4 Trends That Will Shape Employee Experience in 2022
2022 began with continued uncertainty about what's in store for this year. The volatility of the past two years have made it extremely difficult for business leaders to plan and execute on their strategy.
Now, there’s widespread talk about “the new normal,” and a clearer picture of what the future of work looks like is emerging. And it's not based on hypotheticals but on what we’ve experienced since the coronavirus first appeared. From furloughs, layoffs and voluntary departures, to confinements, remote work and the acceleration of digital transformation journeys, the dynamics of the events of the past two years have laid the groundwork for what leaders can expect in the year ahead.
With that in mind, here’s a roadmap to 2022.
Employees Find a New Balance
Employees began voting with their feet in 2021, leaving their jobs in record numbers — without even another position lined up. Between March and July 2021, 19 million workers quit their jobs, 7 million more than during the same period in 2020.
What pushed these workers out the door? Burnout, a lack of flexibility and not feeling valued, according to employee-experience firm Limeade, based in Bellevue, Wash. Dr. Laura Hamill, the company’s chief science advisor, said the “mass exodus” from current positions signified “a societal breakdown” to the interlocking focuses on work, home and well-being.
Given the scope of what has become known as the Great Resignation, it’s no surprise that many employers expect talent acquisition to be challenging during 2022. According to New Providence, N.J.-based XpertHR, 79 percent of employers believe employee retention will be a particular slog this year, while 67 percent report having serious concerns about workforce planning.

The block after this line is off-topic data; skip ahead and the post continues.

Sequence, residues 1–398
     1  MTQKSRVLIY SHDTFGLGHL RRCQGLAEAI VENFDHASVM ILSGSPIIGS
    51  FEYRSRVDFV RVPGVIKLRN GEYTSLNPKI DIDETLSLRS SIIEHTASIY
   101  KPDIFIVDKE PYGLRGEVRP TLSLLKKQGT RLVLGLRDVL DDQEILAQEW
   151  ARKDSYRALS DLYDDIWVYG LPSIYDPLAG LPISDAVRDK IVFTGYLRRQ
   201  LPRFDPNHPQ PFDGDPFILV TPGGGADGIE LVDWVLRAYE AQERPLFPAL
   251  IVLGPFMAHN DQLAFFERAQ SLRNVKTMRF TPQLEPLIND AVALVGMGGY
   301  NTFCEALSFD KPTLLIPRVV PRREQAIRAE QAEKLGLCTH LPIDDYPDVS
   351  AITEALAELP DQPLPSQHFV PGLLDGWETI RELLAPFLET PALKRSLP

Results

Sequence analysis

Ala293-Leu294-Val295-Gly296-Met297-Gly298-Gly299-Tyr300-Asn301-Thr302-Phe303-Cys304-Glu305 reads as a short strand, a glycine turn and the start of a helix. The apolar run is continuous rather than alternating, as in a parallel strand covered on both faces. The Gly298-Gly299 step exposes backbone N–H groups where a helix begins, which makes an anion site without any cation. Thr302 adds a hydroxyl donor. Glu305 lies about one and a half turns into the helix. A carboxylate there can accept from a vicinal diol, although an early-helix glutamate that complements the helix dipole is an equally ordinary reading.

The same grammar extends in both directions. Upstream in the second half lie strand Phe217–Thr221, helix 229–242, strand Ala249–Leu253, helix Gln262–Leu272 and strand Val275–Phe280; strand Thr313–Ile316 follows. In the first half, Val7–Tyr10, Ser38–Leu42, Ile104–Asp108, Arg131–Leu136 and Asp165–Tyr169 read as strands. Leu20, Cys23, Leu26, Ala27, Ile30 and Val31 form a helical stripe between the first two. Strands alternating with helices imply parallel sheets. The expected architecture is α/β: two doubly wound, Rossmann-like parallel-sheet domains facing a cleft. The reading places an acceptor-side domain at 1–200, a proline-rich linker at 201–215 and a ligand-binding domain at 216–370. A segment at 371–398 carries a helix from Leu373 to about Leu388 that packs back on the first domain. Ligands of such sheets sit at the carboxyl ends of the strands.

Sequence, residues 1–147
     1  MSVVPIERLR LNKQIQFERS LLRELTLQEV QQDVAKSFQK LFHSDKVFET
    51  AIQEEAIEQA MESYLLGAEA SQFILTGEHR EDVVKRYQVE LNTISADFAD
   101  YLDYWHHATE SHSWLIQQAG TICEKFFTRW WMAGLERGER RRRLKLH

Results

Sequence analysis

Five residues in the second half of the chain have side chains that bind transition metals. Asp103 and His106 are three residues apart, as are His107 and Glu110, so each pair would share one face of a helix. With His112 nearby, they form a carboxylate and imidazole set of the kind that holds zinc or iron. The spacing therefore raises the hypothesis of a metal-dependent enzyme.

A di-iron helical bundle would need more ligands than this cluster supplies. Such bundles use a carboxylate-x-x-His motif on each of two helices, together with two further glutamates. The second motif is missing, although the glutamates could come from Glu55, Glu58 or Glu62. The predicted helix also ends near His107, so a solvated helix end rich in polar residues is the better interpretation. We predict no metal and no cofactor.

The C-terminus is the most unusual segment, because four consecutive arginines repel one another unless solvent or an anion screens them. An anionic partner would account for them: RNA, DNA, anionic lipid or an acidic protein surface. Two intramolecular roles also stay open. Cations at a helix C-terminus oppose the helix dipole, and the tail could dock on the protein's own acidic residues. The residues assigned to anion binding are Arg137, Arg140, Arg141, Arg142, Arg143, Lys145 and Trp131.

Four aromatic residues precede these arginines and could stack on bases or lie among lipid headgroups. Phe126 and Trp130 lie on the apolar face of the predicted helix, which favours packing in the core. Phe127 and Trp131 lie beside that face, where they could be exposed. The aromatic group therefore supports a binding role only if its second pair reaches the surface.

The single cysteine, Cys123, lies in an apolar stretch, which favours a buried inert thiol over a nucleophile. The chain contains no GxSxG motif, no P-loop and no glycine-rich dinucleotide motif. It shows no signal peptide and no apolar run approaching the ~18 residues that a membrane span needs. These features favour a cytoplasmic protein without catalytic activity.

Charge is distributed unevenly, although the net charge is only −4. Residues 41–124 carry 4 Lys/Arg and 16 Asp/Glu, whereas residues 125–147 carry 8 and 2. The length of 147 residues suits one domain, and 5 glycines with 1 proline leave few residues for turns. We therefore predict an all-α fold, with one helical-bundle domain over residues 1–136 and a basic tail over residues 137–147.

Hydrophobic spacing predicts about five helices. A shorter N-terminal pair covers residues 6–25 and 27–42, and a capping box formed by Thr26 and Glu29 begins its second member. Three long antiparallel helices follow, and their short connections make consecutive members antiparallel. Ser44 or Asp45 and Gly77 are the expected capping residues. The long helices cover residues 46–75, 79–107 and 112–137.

To keep their employees onboard, leaders will need to do more than tweak their retention strategies. Research by internal talent marketplace Gloat revealed that better pay and more growth opportunities, among other things, will be necessary to encourage employees to remain in place.
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Recruiting Talent from Within
“The current supply of talent is simply not meeting existing demand,” said Dan Davenport, CEO of Randstad RiseSmart in San Jose, Calif. “Due to the high cost and overall difficulty of recruiting in today’s labor market, organizations are recognizing the numerous benefits internal mobility can offer.”
They really have no choice. The number of employees leaving their jobs in recent months is unprecedented, reaching 4.5 million in November 2021 alone. It’s one reason why efforts to move current employees to new positions within the business have taken on a certain urgency.
According to Randstad RiseSmart’s Q3 2021 Career Mobility Outlook report, nearly two-thirds of employees, or 63 percent, want their current employer to consider them for new opportunities. Yet, 54 percent don’t believe their company gives enough consideration to their future interests.
At the same time, fewer than half of employees (43 percent) feel they’ll be able to find a new role within their company. That number is down from 52 percent during the second quarter.
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Another complication: Just 48 percent of employees believe their managers are open to their taking a new role at their company. This is particularly interesting because 78 percent of employers report being open to the idea of employees moving around. In fact, employers overwhelmingly said they plan to fill existing job openings with internal candidates. About 71 percent said they plan to fill up to half of open jobs internally.